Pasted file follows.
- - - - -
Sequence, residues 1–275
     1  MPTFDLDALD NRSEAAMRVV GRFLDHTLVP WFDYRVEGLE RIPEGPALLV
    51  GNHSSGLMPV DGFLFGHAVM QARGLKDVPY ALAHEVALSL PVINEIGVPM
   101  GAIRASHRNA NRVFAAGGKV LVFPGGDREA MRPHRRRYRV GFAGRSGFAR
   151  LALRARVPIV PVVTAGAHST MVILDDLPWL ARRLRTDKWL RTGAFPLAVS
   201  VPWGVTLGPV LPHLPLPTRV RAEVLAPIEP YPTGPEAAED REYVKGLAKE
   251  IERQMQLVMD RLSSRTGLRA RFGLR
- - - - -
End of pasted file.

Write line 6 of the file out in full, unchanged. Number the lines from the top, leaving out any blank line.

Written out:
   201  VPWGVTLGPV LPHLPLPTRV RAEVLAPIEP YPTGPEAAED REYVKGLAKE